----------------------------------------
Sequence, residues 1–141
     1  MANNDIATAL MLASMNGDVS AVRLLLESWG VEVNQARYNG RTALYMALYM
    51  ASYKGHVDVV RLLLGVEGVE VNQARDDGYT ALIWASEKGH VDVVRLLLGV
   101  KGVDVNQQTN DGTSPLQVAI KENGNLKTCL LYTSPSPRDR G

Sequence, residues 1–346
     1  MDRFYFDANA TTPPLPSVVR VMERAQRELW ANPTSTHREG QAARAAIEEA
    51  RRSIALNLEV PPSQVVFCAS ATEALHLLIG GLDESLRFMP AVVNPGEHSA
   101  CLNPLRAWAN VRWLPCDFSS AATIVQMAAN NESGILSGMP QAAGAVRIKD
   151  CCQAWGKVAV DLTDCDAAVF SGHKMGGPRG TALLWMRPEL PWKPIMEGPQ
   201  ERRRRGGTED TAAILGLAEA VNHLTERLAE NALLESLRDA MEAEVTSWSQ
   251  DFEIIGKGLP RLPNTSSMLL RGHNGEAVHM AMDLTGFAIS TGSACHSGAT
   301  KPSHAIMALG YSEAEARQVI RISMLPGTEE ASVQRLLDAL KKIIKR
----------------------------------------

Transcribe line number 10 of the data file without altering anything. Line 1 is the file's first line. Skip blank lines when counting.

   201  ERRRRGGTED TAAILGLAEA VNHLTERLAE NALLESLRDA MEAEVTSWSQ